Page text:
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14 July 2022
Risks escalating due to more frequent catastrophic climate change-related weather events
The waste created by British Columbia’s accelerating mining boom is a growing threat to communities and watersheds throughout the province, according to a new report released today. The increase in extreme weather events brought on by climate change intensifies this threat: severe flooding is one of the main causes of tailings dam failure at mine sites around the world.
The report, by Dr. Steven Emerman, a respected geophysicist and international expert specializing in groundwater and mining, coincides with the publication of an interactive online map that fills a knowledge gap by providing communities with easier access to critical information about the risks that billions of cubic metres of toxic liquid mine waste, called tailings, pose to them and the environment.
The tailings are known to contain a range of toxic elements including arsenic, cyanide, mercury, selenium, and other heavy metals harmful to human health and the environment. They are stored behind some of the highest dams in the world – and there are plans to build even more throughout B.C.
NEW DATA + ANALYSIS
Dr. Emerman analyzed B.C. government and industry data for 86 mine sites with tailing: 57 mines that are closed or under care and maintenance, 18 that are operating, and 11 proposed.
Among Emerman’s key findings are:
BIGGER DAMS MEAN BIGGER THREATS TO PEOPLE AND WATERSHEDS
The height of B.C. tailings dams has grown exponentially in recent years, allowing mines to add hundreds of millions of cubic metres of tailings to storage facilities. B.C. already has some of the highest tailings dams in the world. Several proposed new mines would add to the total.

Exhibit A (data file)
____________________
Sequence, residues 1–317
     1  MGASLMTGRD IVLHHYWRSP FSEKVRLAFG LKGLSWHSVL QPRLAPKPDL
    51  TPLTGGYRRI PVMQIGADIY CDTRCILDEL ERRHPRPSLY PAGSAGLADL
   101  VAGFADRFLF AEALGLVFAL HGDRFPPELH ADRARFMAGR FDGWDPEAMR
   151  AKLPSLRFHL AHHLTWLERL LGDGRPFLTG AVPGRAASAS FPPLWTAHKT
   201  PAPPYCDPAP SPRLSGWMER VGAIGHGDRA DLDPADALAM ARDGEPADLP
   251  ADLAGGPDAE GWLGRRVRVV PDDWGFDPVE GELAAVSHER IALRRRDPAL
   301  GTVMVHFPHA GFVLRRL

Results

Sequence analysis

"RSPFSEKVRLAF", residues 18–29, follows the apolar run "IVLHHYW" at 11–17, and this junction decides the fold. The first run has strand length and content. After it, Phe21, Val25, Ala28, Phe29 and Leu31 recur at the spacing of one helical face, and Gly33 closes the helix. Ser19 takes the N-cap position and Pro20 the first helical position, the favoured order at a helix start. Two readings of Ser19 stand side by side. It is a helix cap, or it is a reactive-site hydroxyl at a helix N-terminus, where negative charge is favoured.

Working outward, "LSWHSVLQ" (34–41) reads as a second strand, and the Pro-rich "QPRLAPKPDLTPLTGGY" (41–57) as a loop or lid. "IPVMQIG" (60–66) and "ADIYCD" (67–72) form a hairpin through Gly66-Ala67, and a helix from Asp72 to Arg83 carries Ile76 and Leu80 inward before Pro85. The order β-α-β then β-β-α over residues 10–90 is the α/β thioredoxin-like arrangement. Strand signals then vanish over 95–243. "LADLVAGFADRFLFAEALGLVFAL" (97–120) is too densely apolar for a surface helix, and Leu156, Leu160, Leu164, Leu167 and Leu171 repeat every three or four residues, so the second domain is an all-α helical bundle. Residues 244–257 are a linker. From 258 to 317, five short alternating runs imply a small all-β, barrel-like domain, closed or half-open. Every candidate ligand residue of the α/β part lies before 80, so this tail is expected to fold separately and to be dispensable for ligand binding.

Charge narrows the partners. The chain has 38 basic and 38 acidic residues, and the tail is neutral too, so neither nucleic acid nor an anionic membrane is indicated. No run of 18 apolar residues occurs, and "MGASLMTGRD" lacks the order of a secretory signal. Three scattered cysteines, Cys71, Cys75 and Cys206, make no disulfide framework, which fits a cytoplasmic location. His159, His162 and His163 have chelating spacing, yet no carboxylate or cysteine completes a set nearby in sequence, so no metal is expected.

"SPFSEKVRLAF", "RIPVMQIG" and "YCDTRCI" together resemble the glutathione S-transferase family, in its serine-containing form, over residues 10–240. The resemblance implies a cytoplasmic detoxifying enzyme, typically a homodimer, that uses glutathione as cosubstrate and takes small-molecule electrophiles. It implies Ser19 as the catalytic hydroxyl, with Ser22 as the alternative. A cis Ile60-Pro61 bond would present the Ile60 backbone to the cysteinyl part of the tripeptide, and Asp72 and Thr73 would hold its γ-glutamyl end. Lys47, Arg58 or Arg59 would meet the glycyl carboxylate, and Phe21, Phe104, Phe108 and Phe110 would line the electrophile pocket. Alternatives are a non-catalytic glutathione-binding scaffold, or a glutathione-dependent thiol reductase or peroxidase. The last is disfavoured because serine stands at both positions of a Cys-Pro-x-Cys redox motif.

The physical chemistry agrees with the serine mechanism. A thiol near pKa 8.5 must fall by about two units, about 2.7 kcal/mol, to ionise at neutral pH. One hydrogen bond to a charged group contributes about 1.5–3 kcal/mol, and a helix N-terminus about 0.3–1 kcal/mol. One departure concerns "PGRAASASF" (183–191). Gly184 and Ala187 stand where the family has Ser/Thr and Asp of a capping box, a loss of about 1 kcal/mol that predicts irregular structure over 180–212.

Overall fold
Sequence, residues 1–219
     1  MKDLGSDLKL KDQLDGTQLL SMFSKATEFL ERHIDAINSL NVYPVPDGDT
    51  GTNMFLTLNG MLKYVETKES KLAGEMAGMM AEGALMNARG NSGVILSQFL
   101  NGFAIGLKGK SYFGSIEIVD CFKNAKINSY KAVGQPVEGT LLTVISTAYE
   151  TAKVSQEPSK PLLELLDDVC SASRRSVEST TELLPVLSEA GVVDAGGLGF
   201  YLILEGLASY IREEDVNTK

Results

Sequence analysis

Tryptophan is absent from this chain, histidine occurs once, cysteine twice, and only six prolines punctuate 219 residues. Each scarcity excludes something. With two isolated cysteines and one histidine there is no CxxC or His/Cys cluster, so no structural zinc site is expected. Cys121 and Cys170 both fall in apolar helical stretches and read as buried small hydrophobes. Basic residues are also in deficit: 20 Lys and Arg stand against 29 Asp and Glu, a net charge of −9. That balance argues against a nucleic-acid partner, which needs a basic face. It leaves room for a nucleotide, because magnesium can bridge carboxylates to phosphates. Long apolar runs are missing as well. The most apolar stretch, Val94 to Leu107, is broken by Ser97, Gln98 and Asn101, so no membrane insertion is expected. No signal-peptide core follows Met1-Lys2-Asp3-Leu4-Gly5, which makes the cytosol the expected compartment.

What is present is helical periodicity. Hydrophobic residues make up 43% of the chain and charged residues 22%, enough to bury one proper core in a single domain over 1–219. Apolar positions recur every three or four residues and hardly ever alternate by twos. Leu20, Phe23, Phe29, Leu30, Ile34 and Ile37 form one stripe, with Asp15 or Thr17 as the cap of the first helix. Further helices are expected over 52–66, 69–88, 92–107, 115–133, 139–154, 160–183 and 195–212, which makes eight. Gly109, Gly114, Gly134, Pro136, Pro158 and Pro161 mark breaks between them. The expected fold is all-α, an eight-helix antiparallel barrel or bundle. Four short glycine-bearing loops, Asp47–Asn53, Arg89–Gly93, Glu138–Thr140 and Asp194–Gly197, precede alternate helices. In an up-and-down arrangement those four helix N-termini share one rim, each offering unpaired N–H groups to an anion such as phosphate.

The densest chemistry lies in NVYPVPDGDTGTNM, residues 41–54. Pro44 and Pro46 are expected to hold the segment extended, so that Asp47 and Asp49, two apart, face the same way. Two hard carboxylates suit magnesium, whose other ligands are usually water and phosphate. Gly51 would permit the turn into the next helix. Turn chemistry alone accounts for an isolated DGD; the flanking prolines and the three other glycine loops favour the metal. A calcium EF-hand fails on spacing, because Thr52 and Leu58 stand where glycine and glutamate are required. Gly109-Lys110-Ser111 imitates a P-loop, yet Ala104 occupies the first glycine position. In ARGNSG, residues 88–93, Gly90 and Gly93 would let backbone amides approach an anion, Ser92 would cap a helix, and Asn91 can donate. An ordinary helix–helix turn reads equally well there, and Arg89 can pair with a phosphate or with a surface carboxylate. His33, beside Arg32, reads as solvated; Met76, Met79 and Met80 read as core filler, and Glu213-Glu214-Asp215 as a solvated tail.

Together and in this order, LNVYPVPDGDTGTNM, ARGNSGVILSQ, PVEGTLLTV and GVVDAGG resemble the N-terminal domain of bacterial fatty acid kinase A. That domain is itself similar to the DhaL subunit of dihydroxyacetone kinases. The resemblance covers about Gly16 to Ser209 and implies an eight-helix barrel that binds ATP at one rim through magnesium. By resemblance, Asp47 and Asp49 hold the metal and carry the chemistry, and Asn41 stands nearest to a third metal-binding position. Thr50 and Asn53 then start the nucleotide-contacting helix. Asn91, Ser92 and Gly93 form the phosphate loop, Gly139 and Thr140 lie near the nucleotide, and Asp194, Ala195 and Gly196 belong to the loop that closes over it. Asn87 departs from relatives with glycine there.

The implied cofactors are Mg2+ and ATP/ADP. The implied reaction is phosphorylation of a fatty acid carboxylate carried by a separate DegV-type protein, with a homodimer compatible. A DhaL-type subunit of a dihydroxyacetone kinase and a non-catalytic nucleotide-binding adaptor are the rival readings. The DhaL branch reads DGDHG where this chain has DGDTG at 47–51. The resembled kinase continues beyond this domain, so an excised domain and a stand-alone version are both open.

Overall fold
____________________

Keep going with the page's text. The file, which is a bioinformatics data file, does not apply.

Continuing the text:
The interactive online map and report were commissioned by the BC Mining Law Reform network in partnership with SkeenaWild Conservation Trust.
“Dr. Emerman’s analysis shows the level of risk British Columbians and our U.S. downstream neighbours face from existing and planned mining operations in the province. Mining companies need to be reducing their tailings volumes—not increasing them—and designing tailings facilities to meet internationally accepted safety standards and withstand increasing climate change impacts. It’s on the B.C. government to ensure this happens before we face another major mining disaster.” Adrienne Berchtold, Ecologist & Mining Impacts Researcher, SkeenaWild Conservation Trust
“The Mount Polley mine disaster was a wake-up call to B.C.’s mining companies and the province. This map and report show that the risks to the environment and communities from tailings dams are still high and growing. More action is needed to follow through and get B.C. on a path to zero failures—from cutting the inventory in half, to phasing out certain mine dam construction methods. The government needs to act now to improve safety standards as mining continues to expand in the province.” Jamie Kneen, Canada Program Co-lead, MiningWatch Canada, Co-Chair of BC Mining Law Reform
REACTION TO THE REPORT
First Nations Energy and Mining Council (FNEMC)
“FNEMC has profiled in our analysis how dozens of First Nations communities could be impacted by tailings failures just in Northern British Columbia. This new report from BC Mining Law Reform (BCMLR) and SkeenaWild illustrates how the risks to First Nations in British Columbia are growing. FNEMC is deeply concerned about the management of tailings facilities in B.C., especially in light of more flooding from climate change. The B.C. government must engage directly with Nations that could be impacted by a failure of a tailings dam to avoid the disaster we’ve already seen with Mount Polley.
“FNEMC also welcomes BCMLR’s new interactive online map which will fill the knowledge gap to help equip communities with information about mining activity in their territories.”
Online Interactive Map – link here
Dr. Emerman report – link here
Primer of the report and map – link here
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